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Apr exports value down 13%

The value of Hong Kong's total exports decreased to $338.3 billion in April, down 13% on the same month last year, the Census & Statistics Department announced today.   The value of imports of goods decreased 11.9% to $374.9 billion for the same period.   A trade deficit of $36.6 billion, or 9.8% of the value of imports, was recorded in April.   Comparing the three-month period ending April with the preceding three months on a seasonally adjusted basis, the value of exports rose 15.4%, while that of imports increased 10.7%.   The Government noted that the value of merchandise exports declined further from a year earlier in April. Exports to the Mainland, the US and the European Union all shrank and exports to other major Asian markets recorded decreases of varying degrees.   Looking ahead, it added that the weakness in the advanced economies will continue to weigh on Hong Kong's export performance, though the expected faster recovery of the Mainland economy should

Insurance growth opportunities eyed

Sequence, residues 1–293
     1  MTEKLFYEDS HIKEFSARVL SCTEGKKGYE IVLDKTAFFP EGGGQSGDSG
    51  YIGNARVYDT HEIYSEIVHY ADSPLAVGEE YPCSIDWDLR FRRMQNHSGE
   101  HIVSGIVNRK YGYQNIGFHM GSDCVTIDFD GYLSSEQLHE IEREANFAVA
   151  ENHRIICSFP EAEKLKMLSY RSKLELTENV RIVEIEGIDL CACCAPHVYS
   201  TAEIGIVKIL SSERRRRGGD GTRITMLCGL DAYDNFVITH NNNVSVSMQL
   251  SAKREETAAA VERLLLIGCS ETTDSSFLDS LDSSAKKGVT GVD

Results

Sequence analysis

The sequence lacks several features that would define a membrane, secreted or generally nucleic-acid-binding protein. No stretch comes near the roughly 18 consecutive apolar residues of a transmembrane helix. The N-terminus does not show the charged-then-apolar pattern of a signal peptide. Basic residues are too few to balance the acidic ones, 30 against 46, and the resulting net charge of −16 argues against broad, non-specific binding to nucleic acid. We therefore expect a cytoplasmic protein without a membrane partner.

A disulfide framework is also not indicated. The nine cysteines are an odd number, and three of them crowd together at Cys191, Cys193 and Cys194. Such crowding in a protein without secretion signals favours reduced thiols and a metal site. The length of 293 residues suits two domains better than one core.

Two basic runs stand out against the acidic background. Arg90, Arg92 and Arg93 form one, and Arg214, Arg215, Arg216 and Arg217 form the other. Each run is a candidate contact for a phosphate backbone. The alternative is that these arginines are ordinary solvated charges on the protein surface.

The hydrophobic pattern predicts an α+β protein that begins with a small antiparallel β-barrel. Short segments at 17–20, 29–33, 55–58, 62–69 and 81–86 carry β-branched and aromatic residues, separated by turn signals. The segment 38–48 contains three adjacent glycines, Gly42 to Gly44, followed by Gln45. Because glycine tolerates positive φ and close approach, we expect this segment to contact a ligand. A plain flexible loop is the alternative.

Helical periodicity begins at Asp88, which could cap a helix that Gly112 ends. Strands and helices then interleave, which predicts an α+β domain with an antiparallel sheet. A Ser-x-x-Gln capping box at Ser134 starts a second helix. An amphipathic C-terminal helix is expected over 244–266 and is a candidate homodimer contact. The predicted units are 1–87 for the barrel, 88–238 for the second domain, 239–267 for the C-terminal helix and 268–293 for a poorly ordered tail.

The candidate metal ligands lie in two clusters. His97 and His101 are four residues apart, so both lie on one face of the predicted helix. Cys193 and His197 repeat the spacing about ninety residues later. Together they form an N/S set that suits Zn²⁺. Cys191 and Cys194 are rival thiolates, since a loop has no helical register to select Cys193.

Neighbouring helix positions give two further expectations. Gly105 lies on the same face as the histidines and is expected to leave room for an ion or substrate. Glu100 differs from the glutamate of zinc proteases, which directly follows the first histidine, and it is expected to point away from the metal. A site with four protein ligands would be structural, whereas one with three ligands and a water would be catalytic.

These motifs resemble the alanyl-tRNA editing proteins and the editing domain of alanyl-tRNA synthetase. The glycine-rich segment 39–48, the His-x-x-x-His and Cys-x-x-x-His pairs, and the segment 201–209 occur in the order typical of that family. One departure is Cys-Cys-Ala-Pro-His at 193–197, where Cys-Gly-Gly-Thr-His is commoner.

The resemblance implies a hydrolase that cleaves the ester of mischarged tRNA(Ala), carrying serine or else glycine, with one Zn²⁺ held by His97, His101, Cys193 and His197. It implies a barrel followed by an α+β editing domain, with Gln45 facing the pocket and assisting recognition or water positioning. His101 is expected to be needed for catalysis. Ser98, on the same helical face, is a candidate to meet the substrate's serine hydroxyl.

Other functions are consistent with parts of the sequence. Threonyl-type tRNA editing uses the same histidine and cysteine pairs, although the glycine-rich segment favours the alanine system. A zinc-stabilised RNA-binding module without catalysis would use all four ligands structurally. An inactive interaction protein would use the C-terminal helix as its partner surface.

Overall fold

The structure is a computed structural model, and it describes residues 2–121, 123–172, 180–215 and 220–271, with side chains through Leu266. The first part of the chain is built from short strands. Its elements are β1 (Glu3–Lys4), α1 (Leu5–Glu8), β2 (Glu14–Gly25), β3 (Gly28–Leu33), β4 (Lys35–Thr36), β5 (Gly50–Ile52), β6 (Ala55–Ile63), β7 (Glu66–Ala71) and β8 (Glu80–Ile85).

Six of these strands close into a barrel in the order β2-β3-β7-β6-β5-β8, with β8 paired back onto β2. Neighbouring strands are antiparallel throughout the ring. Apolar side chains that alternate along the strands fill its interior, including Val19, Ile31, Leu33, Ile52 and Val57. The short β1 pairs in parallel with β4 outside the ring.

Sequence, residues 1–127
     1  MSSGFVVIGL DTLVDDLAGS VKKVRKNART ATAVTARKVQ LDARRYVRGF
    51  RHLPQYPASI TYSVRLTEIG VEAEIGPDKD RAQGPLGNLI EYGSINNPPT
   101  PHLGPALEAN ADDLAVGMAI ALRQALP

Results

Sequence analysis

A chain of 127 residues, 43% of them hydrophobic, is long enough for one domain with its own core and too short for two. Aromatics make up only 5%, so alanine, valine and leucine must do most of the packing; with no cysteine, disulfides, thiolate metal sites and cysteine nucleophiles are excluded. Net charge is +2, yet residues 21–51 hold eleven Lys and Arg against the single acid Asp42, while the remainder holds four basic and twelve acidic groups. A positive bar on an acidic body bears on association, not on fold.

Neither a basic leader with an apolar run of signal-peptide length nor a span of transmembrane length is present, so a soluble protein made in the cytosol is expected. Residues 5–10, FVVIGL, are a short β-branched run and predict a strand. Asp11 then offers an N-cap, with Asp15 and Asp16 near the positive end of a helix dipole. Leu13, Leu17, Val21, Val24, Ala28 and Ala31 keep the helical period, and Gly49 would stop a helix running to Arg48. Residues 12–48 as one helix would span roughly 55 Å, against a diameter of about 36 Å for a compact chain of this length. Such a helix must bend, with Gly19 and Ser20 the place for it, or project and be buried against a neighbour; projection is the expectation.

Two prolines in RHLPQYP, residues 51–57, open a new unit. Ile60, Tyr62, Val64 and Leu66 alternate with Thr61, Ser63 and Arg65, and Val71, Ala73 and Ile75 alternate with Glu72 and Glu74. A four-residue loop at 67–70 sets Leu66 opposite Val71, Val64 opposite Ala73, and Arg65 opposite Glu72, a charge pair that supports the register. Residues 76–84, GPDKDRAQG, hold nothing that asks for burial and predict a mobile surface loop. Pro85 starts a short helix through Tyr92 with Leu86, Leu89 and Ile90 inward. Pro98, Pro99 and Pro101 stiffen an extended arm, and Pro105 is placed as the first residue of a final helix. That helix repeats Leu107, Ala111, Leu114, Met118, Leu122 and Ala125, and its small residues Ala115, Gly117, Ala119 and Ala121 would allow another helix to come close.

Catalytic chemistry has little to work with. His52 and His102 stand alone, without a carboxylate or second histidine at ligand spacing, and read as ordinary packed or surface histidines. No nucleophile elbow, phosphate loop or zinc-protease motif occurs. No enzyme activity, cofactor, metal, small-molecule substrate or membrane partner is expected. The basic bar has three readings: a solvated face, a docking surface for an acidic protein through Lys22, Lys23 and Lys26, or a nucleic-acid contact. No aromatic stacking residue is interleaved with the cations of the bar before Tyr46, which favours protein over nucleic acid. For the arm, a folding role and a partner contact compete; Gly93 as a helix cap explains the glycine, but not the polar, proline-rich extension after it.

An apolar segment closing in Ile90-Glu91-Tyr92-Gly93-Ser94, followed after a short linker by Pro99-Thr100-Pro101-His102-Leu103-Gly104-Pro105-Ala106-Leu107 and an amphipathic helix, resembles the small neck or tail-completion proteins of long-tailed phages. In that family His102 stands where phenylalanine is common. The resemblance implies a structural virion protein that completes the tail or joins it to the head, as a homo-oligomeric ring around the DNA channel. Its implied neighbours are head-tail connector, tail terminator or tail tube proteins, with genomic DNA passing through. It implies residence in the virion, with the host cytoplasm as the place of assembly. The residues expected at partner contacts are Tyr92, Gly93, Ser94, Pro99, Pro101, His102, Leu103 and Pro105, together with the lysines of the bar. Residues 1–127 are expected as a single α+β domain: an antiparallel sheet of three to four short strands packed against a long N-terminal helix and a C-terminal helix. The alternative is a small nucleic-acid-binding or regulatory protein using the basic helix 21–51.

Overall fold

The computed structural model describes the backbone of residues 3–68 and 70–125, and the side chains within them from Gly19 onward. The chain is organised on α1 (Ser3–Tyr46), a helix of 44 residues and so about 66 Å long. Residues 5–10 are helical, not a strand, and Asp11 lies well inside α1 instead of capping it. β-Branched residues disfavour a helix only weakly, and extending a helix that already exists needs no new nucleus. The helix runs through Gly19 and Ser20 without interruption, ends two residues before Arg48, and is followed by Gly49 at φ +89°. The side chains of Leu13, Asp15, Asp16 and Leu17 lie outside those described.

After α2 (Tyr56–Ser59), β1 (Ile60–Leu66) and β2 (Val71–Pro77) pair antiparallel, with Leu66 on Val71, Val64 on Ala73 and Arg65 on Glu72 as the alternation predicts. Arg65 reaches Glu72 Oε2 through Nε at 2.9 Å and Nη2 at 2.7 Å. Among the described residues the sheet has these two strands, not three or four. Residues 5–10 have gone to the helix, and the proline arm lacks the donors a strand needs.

It is a time for us to reflect on what we have learned from the fight against the pandemic, and to take a better look at what's in the new normal - the resilience of our insurance market and the enormous growth opportunities we are going to embrace.   Let me begin with resilience. Our insurance sector grew at an average rate of 5.9% in the past five years from 2017 to 2021. We also ranked the first in terms of insurance penetration globally in 2020 - more than 20%. A total of 13 of the world's top 20 insurers conduct their businesses in Hong Kong and a total of 17 insurance companies are currently listed on the Hong Kong Exchanges & Clearing Limited, our stock exchange. By the end of 2021, their market value accounted for about 5.5% of the total market value of our stock market, with six of them being the world's top 20 insurers by market value. In view of the opportunities presented by our market and the Guangdong-Hong Kong-Macao Greater Bay Area, many international financial institutions, including insurance companies, banks and wealth management companies, will continue to expand their presence in Hong Kong.   The fifth wave of the COVID-19 epidemic indeed presented unprecedented challenges to all of us in the past few months, and all along the Government has been providing facilitative measures and regular guidance to the financial sector to ensure our operational resilience. I am pleased to see the rationalisation of travel restrictions announced earlier this month by the Chief Executive, including lifting the flight ban and early discharge of returning Hong Kong residents from designated quarantine hotels. The Government also announced last week that starting May 1, non-Hong Kong residents will be allowed to enter from overseas upon their compliance with some testing and quarantine requirements. Together with the suitable adjustment to the triggering thresholds for the route-specific flight suspension mechanism, those measures have received a warm welcome at home and abroad, of course including the business sector. As we bring the pandemic under control and gradually resume daily lives, opportunities are knocking on our doors and it is time for our economy and market to get prepared for a rebound.   Before looking into the future, let's review what has been done to further develop our insurance market. First of all, we have put in place a new regulatory framework for the issuance of insurance-linked securities (ILS) in Hong Kong in March last year, and shortly after we also launched a two-year pilot subsidy scheme to promote the development of Hong Kong as an ILS domicile. These efforts brought us encouraging results as the first ILS, which is in the form of a catastrophe bond offering protection against losses inflicted by typhoons in the Mainland, was then issued in Hong Kong in October last year.   Also, to provide financial incentives for new business development, half-rate profits tax concessions are provided to selected businesses, including marine and specialty insurance from March last year. They will enhance the competitiveness of our insurance industry in seizing new opportunities, including those arising from the Belt & Road Initiative (BRI).   At the same time, we have also expanded the scope of risks that could be underwritten by captive insurers formed in Hong Kong, in order to better meet the risk-management needs of multinationals, including Mainland enterprises that are seeking to go global. This allows Hong Kong to capture the opportunities presented by our country's 14th Five-Year Plan, which positions Hong Kong as a risk management centre.   Now it is time to look into the future. With our mature insurance market and established legal structure, we are well placed to embrace the enormous growth opportunities in the bay area market. A key focus is to work with the Insurance Authority (IA) to promote mutual access of the insurance market in the bay area.   Initiatives in the works include early establishment of after-sales service centres by our Hong Kong insurance industry in the Mainland cities of the bay area, with a view to providing bay area residents who are holders of Hong Kong policies with comprehensive support in different areas including enquiries, claims and renewal of policies for eligible insurance policy types.   We are also striving for the early implementation of the unilateral recognition policy for Hong Kong motor vehicles entering Guangdong through the Hong Kong-Zhuhai-Macao Bridge control point, so as to extend the coverage of third-party insurance policies issued by Hong Kong insurers for these cross-boundary motor vehicles to cover third-party liability in the Mainland, thereby deeming such policies as equivalent to the mandatory traffic accident liability insurance in the Mainland.   I am also excited to tell you that two new measures are coming up. Later this year, a draft bill will be introduced to our Legislative Council on a risk-based capital regime. This will align Hong Kong's regulatory regime with international standards and make capital requirements more sensitive to the level of risk borne by insurance companies. The IA has maintained close contact with the industry in undertaking preparatory work, including conducting three rounds of Quantitative Impact Studies to collect data for assessing the outcome on the solvency level of insurers and consulting the industry on the legislative proposals.   Another measure to come is the Policy Holders' Protection Scheme (PPS), which will more effectively protect insurance policyholders' interests and maintain market stability in the event of insurer insolvency. This scheme will serve as a safety net for policyholders by compensating policyholders or securing the continuity of insurance contracts in case an insurer becomes insolvent. At present, the IA is conducting a consultancy study to update the key parameters of the PPS, such as target fund sizes and lead time for accumulation. We plan to conduct a public consultation on the details of the proposed PPS this year and target to bring the bill to the Legislative Council in the subsequent legislative session.   The latest opportunities and developments in the international insurance markets have driven transformation in our local regime, and it is indispensable that regulation needs to keep pace with this ever-changing environment. To this end, the IA established a new group-wide supervision framework last year for insurance groups with a view to meeting international standards and establishing Hong Kong as a preferred base for large insurance groups in the Asia-Pacific region.   On the other hand, in advancing Hong Kong's role as a risk management centre under the 14th Five-Year Plan, the Government and the IA have several measures in place. Firstly, we have reached consensus with the China Banking & Insurance Regulatory Commission. Under the China Risk Oriented Solvency System, the capital requirement of Mainland insurers would be reduced when they cede business to eligible Hong Kong professional reinsurers. The consensus has been regularised since 2022 and this increases the competitiveness of Hong Kong reinsurers in obtaining insurance business ceded from Mainland insurers. A lower capital charge applicable to insurers will help lower insurance price and thereby better support Mainland enterprises in their investments in the Belt & Road countries.   Speaking of the Belt & Road, I would also like to mention the launch of the Belt & Road Insurance Exchange Facilitation (BRIEF). This pools together a cluster of key stakeholders and fosters synergies in exploring the business prospects arising from BRI. So far, 43 companies and organisations, including insurers, captive insurers, risk management experts, industry associations, etc, have joined BRIEF as members.   Last but not least, the IA also conceived the Specialty Risks Consortium to gather state-owned enterprises, captives, insurers, broker companies and risk advisers for deal matching and networking. Matching sessions have been arranged to probe into topics like political and credit risks, performance guarantee, employees' benefits, renewable energy, etc.   Ladies and gentlemen, just now I have shared with all of you the resilience of Hong Kong's insurance sector and the opportunities we have in the future. Despite the many challenges brought by COVID-19, which should be transitory, we are confident that the fundamentals underpinning Hong Kong's status as an international financial centre - our robust financial system and ample growth opportunities - remain strong and intact. With the staunch support from all of you, the actuarial and insurance industry professionals, the Government is committed to developing Hong Kong into an international insurance hub and risk management centre and I am more than confident we will work together to herald a better future.   Secretary for Financial Services & the Treasury Christopher Hui delivered this video speech at the International Actuarial Colloquium on April 27.